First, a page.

By Dr. Christian R. Komor
OCD Recovery Center
When treating most forms of OCD the procedure used is a gradual one. The therapist assists the individual in developing a hierarchy of feared items and then begins assisting the individual in exposing their self to the items starting in the mid-range of the scale. When dealing with primarily obsessional OCD this can be counterproductive. It is usually necessary to jump right into the worst of the obsessions with both feet - challenging the obsessions head on and giving them no quarter to escape and regroup. Defensive strategies, attempts to gain reassurance, or seeking comfort from the obsessions invariably causes them to escalate.
A good way to think of Exposure and Response Prevention (ERP) behavioral treatment is like an immunization. While doing the ERP work one's anxiety is likely to increase rather than decrease and this is normal. Regarding the anxiety like energy or electrical current that is simply passing through one's mind and body is a productive conceptualization. During ERP work it is best not to try to eliminate the anxiety through relaxation techniques, but rather just feel it and go on with daily activities.
At the OCD Recovery Center we have defined four critical elements that produce success in Exposure and Response Prevention (ERP) behavior therapy. When OC sufferers have not achieved success in prior ERP-based treatment it is most likely due to inattention to one or more of these variables: (1) Intensity - keeping anxiety levels between the SUB levels of 25-75, (2) Saturation - making the exposure constantly present in the individual's environment, (3) Duration - holding the exposure for as long as it takes to habituate, (4) Neutralization - making sure the OC sufferer does not "undue" the exposure with rituals or compulsions. (Sometimes OC sufferers have been known to "hold out" for weeks or months before performing a compulsion or ritual to "make it better" and thus neutralize the ERP work!)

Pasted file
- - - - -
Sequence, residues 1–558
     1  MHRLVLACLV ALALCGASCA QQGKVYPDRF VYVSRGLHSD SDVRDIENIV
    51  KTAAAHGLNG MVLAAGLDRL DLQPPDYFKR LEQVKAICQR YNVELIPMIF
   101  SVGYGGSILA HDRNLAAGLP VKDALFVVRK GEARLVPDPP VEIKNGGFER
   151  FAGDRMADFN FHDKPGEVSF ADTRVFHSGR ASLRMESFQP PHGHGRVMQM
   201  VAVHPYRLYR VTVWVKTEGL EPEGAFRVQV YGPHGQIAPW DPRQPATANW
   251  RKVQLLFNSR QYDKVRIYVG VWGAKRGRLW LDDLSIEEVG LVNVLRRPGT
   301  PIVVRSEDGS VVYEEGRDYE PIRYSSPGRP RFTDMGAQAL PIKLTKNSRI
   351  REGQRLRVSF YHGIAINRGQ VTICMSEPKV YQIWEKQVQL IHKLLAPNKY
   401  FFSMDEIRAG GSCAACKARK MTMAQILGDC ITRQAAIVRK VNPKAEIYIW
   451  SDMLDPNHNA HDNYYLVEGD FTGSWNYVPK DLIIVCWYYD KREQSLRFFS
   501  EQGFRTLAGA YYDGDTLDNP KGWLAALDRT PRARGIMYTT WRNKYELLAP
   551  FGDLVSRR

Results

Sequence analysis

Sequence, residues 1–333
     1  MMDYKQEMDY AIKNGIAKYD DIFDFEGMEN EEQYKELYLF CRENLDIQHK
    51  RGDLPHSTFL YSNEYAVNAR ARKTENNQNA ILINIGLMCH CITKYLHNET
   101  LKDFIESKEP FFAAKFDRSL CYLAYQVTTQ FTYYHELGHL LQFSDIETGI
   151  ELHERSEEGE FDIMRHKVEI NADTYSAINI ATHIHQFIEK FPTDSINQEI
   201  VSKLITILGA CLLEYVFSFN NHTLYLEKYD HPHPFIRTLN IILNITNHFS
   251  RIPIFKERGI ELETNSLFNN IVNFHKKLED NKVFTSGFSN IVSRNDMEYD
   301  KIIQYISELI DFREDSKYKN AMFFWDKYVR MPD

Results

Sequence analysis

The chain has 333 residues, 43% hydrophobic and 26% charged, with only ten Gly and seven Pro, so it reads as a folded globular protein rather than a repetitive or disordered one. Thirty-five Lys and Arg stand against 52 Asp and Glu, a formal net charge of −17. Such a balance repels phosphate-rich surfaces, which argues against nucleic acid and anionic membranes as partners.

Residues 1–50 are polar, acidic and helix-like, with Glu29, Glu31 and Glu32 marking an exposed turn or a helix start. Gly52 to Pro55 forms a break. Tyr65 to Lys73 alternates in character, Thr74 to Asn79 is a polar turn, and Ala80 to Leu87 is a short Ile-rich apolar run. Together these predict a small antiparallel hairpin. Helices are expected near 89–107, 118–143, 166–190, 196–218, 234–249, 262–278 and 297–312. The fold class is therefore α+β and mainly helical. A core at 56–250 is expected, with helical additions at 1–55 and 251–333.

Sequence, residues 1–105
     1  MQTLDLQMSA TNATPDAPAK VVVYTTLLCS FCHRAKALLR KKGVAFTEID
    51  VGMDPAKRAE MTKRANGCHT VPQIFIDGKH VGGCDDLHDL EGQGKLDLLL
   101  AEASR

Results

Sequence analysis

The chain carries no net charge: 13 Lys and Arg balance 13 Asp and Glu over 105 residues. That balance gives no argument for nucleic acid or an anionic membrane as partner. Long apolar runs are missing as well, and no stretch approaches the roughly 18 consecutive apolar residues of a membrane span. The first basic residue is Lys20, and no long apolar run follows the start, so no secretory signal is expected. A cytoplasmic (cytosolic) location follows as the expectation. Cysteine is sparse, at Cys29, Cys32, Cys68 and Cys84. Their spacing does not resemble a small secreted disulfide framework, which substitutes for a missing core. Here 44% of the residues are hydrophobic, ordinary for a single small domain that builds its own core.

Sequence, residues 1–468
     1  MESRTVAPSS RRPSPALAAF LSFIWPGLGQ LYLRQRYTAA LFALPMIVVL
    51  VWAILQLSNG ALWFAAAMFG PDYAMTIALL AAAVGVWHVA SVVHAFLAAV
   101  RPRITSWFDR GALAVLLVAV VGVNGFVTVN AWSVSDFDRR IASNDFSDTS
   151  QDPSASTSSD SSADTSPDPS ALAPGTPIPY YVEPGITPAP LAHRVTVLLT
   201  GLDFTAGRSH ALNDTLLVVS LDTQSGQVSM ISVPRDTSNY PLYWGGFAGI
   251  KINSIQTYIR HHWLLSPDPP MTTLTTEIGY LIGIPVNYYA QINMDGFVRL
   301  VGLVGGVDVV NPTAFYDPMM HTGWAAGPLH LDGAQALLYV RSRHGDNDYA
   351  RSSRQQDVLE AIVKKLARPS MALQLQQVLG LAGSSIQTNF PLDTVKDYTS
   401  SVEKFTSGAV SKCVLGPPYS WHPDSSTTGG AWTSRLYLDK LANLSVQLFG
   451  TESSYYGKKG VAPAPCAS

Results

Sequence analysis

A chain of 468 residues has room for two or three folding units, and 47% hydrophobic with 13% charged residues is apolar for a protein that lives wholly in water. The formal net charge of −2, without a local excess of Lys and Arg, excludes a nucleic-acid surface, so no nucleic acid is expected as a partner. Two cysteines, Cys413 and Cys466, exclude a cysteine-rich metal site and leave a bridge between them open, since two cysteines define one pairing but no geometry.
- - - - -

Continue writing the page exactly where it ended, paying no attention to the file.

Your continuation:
The difficulty with O-OCD is that it is difficult to observe and control for these four variables. Many people with primarily obsessional OCD have come to feel discouraged and even hopeless because of many failed treatment experiences. It can be greatly reassuring to realize that the causes of "failure" in treatment can be defined, localized and corrected simply by attending to the four variables above. As we proceed further with a discussion of practices and procedures please keep in mind these four critical elements and how they would be applied in the situation at hand.
It is also crucial to remember that: (1) Obsession-based OCD takes six to twelve months or more to neutralize to any significant degree and (2) The number of "hits" or attacks by the obsession (e.g. the frequency with which the obsession presents itself into consciousness) will almost always increase during the first weeks and months of treatment. What we are looking for in treatment is not a decrease in hits, but rather a decrease in the amount of time and intensity with which the individual dwells on, or gets stuck in the obsession. Thus, successful treatment will look like an increase in obsessional hits and a increasing ability to say (in effect) "Oh that is just my brain giving me an erroneous message again."